Introduction to Endoscopy
Endoscopy is a valuable medical procedure that allows doctors to view and examine the internal organs and tissues of the body without the need for invasive surgery. In this blog, we will explore the ins and outs of endoscopy, who performs it, the necessary precautions, and the significance of endoscopic biopsy in diagnosing various conditions. Additionally, we will delve into the follow-up care required after an endoscopic biopsy procedure. Let's get started!
What is an Endoscopy
Endoscopy is a non-surgical medical procedure that involves inserting a thin, flexible tube equipped with a light and a camera, known as an endoscope, into the body through natural openings like the mouth or anus. This allows doctors to visualize and examine the digestive tract, respiratory system, and other internal organs, helping in the diagnosis and treatment of various medical conditions.
Who Performs an Endoscopy
Endoscopy is typically performed by a specialist known as a gastroenterologist or an endoscopist. These medical professionals undergo specialized training to skilfully conduct endoscopic procedures and interpret the results.
Precautions for Endoscopy
Prior to undergoing an endoscopic procedure, it's crucial to take specific precautions to ensure a safe and successful examination. Patients are typically instructed to observe fasting for a designated period, refrain from certain medications, and disclose their medical history and allergies to the healthcare team. In some cases, individuals might also be offered anaesthesia if they experience discomfort with the endoscope insertion.
How much time goes into the Endoscopy
The procedure typically takes 15 to 60 minutes, and you'll be monitored in the recovery area until the effects of anaesthesia wear off. The healthcare team will provide post-procedure instructions, and in some cases, a follow-up appointment may be scheduled to discuss the results and further treatment plans.
What is an Endoscopic Biopsy
An endoscopic biopsy is a procedure that involves the collection of tissue samples during an endoscopy. The endoscope is equipped with special tools that allow the doctor to remove small tissue samples for further examination and diagnosis. This technique is particularly useful in identifying abnormalities, inflammation, infections, and even early signs of cancer.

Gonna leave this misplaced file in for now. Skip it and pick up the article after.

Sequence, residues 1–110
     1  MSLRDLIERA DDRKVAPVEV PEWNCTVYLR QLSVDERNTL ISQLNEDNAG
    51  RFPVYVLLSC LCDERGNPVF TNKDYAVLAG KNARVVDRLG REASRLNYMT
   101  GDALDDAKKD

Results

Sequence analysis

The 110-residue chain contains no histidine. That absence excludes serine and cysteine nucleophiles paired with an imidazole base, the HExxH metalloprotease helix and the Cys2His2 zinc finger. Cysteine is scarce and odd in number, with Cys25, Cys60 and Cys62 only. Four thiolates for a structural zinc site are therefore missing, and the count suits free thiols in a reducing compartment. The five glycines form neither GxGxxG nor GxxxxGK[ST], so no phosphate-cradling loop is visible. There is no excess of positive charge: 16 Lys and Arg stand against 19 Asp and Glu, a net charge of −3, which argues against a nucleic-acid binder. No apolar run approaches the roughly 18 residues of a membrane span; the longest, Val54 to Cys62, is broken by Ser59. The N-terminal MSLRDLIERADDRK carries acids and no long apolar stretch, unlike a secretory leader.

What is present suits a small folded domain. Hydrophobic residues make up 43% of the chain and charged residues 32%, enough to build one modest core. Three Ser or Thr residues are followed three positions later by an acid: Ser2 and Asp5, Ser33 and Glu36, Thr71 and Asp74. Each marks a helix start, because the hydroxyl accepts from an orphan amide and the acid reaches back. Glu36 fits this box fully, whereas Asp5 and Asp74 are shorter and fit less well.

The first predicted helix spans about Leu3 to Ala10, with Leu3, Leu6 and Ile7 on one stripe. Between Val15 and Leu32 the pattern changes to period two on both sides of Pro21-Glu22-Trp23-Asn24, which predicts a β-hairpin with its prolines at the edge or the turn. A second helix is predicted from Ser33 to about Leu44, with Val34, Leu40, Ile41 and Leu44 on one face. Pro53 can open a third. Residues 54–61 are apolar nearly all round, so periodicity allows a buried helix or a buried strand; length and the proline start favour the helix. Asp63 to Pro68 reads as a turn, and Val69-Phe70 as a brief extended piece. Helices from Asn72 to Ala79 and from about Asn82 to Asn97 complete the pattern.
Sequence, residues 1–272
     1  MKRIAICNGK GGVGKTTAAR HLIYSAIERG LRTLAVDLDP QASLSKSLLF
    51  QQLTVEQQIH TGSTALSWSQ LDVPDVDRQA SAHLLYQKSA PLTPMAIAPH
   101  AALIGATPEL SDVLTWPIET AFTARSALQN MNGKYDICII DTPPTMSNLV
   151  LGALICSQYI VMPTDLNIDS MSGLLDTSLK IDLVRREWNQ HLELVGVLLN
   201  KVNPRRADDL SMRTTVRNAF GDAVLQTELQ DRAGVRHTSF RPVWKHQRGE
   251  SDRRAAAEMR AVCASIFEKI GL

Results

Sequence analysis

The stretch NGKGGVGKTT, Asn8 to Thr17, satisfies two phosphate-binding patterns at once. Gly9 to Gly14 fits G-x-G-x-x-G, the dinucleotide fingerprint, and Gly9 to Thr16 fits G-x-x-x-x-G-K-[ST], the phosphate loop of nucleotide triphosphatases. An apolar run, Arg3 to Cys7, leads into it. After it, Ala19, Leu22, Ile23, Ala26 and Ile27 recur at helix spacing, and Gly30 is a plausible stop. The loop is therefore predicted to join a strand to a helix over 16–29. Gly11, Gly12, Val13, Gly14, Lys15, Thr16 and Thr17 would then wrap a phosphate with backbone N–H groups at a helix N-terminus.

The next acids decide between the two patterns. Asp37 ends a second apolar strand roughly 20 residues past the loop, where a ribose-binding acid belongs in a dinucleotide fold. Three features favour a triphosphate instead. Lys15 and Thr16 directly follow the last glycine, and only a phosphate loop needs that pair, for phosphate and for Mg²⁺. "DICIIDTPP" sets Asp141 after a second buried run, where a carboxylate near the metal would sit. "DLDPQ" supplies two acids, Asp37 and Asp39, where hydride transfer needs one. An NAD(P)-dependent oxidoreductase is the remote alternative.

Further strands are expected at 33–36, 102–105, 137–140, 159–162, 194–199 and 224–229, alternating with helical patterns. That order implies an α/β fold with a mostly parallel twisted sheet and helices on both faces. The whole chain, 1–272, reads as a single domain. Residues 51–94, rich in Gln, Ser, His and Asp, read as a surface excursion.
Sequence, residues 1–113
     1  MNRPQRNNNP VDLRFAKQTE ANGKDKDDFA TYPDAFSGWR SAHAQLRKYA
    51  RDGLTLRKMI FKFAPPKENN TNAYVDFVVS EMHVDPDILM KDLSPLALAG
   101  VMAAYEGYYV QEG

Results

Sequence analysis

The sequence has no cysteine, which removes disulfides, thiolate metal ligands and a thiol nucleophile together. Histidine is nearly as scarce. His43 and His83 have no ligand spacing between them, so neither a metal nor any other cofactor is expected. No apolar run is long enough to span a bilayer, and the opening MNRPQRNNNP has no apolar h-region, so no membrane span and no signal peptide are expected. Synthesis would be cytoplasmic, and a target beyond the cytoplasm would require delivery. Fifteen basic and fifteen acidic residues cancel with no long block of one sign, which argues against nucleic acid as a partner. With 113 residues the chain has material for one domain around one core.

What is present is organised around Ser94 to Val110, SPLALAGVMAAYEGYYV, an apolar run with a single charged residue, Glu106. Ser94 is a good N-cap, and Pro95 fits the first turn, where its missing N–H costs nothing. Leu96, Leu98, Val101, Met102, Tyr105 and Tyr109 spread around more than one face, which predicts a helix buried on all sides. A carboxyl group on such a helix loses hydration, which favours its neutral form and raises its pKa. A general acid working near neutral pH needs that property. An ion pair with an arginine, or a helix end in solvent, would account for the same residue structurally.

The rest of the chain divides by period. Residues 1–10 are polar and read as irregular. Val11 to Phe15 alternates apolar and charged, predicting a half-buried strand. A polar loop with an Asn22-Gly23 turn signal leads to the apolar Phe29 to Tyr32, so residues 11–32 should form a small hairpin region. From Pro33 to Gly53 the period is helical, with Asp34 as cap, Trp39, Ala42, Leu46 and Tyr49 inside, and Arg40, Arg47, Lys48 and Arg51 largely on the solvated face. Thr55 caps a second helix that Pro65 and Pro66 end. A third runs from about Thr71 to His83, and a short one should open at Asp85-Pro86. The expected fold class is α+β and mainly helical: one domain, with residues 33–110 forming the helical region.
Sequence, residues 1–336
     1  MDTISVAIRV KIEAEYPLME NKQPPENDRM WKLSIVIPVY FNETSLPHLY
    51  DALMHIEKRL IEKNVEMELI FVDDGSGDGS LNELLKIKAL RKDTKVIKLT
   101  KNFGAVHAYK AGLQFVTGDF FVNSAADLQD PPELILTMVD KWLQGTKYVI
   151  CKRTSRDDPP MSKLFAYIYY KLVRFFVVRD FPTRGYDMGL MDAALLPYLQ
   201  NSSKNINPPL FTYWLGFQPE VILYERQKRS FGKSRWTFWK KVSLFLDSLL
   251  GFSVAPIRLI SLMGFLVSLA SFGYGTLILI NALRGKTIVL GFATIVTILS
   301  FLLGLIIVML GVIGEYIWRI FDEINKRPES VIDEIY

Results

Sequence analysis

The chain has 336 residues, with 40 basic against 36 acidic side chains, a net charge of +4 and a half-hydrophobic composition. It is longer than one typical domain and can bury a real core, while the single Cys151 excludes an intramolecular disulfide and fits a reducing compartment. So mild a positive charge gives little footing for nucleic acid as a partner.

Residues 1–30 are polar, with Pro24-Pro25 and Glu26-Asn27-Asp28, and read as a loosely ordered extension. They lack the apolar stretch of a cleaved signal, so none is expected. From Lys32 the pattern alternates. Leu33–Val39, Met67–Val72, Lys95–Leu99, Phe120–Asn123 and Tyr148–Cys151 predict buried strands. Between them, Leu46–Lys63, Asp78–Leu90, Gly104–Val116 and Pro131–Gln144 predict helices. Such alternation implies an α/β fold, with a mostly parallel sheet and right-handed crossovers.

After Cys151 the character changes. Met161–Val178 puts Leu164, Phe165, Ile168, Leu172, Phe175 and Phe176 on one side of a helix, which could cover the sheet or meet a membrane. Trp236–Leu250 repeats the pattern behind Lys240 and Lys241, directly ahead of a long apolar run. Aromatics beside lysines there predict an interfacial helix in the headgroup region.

Why is a Biopsy Taken Using Endoscopy
Endoscopic biopsies are crucial in diagnosing various medical conditions and determining the appropriate treatment plan. They help doctors identify the nature of abnormalities or growths, distinguish between benign and malignant tissues, and monitor the progression of diseases like cancer.
Follow-ups of an Endoscopic Biopsy
Following an endoscopic biopsy, patients may experience mild discomfort or soreness at the biopsy site, but this typically resolves quickly. The collected tissue samples are sent to a laboratory for analysis, and the results are shared with the patient for further treatment decisions. Regular follow-ups with the doctor are essential to monitor the patient's progress and response to treatment.
Cost of endoscopy
The cost of endoscopy can vary depending on factors such as the type of endoscopy, the location of the medical facility, and any additional procedures or tests performed during the examination. Generally, endoscopy costs may include fees for the medical team, anesthesia, equipment usage, and post-procedure care. At CION Cancer Clinics, the cost of endoscopy starts from 2000 rupees onwards. If you want to know more about our endoscopic services, call us at 1800 120 2676 or fill a form in the following link.
Endoscopy and endoscopic biopsy are powerful tools in modern medicine, enabling accurate diagnoses and minimally invasive procedures. Skilled medical professionals perform endoscopy, and patients play an active role in ensuring a safe and successful procedure by following the recommended precautions. If you have an endoscopic biopsy scheduled, rest assured that this valuable procedure can provide critical insights for your health and well-being. Always stay informed, and don't hesitate to ask your healthcare team any questions you may have about the process.